09/05/2012 11:46 am ET Updated Nov 05, 2012

Of Fitness Centers, Swimming Pools and Saving Women's Lives


"We're much more than fitness centers and swimming pools," says Dr. Dara Richardson-Heron, the newly appointed CEO of the YWCA, referring to the organization's steadfast commitment to advocating for the rights of women for over 150 years. "The 'Y' has always been the 'thing' for women," she continues. "whether providing a safe haven for victims of domestic violence, or advocating for their health, fair wages, and civil rights, we have always been there."

Surprised? You're not alone. For most of the past century and a half, the YWCA has kept a low-profile because, as Dr. Richardson-Heron says, "They've been so busy doing all this work that they haven't had time to tell people about it."

With her now at the helm, however, all this is about to change. As the former CEO at the Greater New York City Affiliate of Susan G. Komen for the Cure from 2008-2012, Dr. Richardson-Heron led this organization to record-breaking fundraising success, making it the #1 affiliate in fundraising and grants awarded, while outpacing over 120 other affiliates in the U.S. and abroad in the midst of the deepest stretch of the recent recession. While at Komen, she also successfully launched several programs designed to enhance community collaboration, increase awareness and engage a new generation. As a critic of the organization's original decision to cut funding for some of Planned Parenthood affiliates earlier this year, however, Dr. Richardson-Heron resigned to 'pursue new career opportunities.' "After four years with the Institute," she says, "it became increasingly difficult for me to continue in my job in light of their decision."

But the Komen Institute's loss is the YWCA's gain, a gain that Dr. Richardson-Heron plans to turn into a "national movement" by building collaborations with external leaders of influence and affluence in the non-profit, government and corporate sectors. "The YWCA already has the power," she says, "we now need to get new people engaged, as well as re-engage our long-time supporters." And those who join the YWCA in this movement will benefit from an unmatched level of 'power' embedded in an iconic history of steady progress in the advancement of women's rights. Built upon a strong legacy of leadership, the YWCA's two million informed and active participants in the U.S. constitute a united, powerful force for women's rights and equal opportunity. From the abolition of slavery to voting rights, from civil rights to pay equity, from violence prevention to health initiatives, the YWCA has been an advocate for social justice by shaping public policy and legislation to provide untold opportunities for women.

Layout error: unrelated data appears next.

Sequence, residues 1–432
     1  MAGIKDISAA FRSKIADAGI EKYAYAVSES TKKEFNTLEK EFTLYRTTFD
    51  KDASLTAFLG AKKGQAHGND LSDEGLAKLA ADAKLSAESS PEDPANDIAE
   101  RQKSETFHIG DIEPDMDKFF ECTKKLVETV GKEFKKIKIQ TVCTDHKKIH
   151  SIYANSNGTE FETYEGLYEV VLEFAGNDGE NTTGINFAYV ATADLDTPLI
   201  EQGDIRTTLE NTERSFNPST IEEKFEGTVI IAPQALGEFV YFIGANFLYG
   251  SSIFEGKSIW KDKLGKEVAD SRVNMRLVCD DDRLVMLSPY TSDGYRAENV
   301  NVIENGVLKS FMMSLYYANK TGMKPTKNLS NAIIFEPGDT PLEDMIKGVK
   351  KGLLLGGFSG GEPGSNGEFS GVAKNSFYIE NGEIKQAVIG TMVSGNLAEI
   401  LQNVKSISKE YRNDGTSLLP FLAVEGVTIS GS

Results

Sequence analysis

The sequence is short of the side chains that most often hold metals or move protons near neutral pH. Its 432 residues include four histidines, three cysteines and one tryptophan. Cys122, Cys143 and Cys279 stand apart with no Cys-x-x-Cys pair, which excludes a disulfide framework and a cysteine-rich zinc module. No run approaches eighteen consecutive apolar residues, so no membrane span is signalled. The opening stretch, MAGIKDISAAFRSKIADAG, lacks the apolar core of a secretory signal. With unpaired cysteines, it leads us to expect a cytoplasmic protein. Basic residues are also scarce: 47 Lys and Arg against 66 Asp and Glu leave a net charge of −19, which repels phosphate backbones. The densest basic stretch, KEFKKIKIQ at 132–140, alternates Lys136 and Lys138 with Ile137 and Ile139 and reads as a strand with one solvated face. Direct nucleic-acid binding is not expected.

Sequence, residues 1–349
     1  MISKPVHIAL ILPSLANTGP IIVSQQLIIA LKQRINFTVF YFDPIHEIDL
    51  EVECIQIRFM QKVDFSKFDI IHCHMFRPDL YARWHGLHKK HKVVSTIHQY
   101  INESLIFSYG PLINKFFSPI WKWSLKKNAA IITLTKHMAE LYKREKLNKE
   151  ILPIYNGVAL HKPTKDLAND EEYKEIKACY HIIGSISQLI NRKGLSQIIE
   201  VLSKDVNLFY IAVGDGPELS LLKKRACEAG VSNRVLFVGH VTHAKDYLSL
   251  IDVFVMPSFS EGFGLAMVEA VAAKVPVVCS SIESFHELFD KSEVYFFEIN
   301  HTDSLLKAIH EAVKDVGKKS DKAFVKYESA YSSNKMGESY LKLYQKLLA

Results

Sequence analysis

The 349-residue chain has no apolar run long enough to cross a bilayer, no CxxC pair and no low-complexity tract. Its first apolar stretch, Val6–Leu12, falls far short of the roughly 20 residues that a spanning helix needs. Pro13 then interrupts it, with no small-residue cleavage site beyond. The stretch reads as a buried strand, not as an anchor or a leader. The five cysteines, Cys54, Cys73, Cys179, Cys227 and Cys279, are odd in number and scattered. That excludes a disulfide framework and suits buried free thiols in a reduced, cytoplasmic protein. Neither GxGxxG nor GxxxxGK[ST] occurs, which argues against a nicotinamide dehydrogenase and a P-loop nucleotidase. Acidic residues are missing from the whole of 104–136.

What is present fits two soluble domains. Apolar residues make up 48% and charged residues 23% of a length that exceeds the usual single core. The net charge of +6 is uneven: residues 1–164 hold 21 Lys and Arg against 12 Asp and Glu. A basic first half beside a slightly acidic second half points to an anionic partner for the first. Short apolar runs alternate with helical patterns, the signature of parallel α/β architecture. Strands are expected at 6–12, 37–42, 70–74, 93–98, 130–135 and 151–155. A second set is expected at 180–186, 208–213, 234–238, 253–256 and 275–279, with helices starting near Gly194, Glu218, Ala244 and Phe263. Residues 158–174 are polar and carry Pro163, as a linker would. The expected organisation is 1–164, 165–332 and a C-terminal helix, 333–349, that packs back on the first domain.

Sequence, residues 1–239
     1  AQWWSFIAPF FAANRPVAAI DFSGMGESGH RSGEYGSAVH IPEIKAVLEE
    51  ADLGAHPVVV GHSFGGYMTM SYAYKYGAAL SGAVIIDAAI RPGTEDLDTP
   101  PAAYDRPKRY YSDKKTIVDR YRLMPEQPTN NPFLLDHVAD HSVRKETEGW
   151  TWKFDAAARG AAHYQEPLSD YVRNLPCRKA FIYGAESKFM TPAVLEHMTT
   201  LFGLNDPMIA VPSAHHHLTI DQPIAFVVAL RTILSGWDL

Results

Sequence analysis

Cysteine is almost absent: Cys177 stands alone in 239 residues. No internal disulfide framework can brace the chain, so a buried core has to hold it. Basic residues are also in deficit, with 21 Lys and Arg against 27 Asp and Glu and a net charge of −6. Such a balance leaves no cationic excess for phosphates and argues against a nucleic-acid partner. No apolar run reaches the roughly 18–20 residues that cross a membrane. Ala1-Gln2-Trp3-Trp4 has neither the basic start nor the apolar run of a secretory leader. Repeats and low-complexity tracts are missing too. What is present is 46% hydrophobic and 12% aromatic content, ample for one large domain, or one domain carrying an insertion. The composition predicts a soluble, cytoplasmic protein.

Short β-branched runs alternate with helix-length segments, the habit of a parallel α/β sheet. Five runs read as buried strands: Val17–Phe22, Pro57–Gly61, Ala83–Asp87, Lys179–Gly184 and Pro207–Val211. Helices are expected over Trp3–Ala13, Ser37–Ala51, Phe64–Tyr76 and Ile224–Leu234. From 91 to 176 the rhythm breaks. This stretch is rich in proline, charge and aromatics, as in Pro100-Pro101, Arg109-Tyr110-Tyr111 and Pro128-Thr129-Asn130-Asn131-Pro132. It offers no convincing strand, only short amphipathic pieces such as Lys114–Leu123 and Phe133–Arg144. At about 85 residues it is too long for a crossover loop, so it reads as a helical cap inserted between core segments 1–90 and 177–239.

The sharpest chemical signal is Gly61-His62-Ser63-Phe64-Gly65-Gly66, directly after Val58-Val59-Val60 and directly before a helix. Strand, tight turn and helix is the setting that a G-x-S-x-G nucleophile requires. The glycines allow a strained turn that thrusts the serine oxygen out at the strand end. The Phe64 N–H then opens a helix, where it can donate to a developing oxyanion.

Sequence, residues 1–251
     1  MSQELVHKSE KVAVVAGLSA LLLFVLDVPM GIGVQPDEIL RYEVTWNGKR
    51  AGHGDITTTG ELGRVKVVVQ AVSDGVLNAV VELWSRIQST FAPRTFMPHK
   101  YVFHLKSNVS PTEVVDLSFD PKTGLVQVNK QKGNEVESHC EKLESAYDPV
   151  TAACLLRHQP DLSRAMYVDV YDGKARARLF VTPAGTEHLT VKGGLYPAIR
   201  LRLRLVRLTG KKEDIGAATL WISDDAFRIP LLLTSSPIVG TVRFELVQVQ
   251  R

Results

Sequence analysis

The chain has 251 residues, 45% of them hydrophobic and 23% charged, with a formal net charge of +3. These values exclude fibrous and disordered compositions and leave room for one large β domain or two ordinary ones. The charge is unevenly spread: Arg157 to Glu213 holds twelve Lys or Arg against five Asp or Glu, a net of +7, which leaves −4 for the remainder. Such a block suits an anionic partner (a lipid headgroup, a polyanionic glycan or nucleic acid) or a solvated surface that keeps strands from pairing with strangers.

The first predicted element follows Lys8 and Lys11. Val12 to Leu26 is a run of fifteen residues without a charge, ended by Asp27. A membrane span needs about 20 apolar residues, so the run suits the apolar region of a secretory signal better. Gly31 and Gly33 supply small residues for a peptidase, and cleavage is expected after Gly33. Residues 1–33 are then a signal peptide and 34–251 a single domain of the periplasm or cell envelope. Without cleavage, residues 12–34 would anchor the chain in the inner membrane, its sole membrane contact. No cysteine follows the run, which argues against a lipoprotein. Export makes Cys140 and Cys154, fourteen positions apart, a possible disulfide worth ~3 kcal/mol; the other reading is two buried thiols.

"Today," Dr. Richardson-Heron says, "it's time to shape a new generation of women." And what better time to do so than at this very moment in our history when so many of these rights are being threatened. "We have come full circle where the rights of every woman and child are currently at stake," she says. Under her leadership, the YWCA therefore plans to address such urgent issues as working to ensure that any health care bill passed by Congress and signed into law by the President would protect women from discrimination in health care processes and decisions; to provide economic empowerment and financial literacy programs for women and strongly support pay equality legislation; to put an end to the cuts in programs and services for low-income people that are being proposed by federal and state lawmakers; and to protect the voting rights of 21 million eligible Americans who may be prevented from voting by new ID and documentation requirements and laws being enacted in some states to suppress the vote.

"We live in an unprecedented time when we now need to fight again for many of the same rights we were awarded decades ago," Dr. Richardson-Heron says. "But we've done it before, and we'll do it again." And with the formidable infrastructure of the 'Y' behind her, there's no doubt she will. "I don't believe in reinventing the wheel," she says, "I believe in moving it forward."

Lori Sokol, Ph.D., is the founder/publisher of Work Life Matters magazine and co-author of 'The Agile Workplace and Workforce: The New Future of Work,' (2011).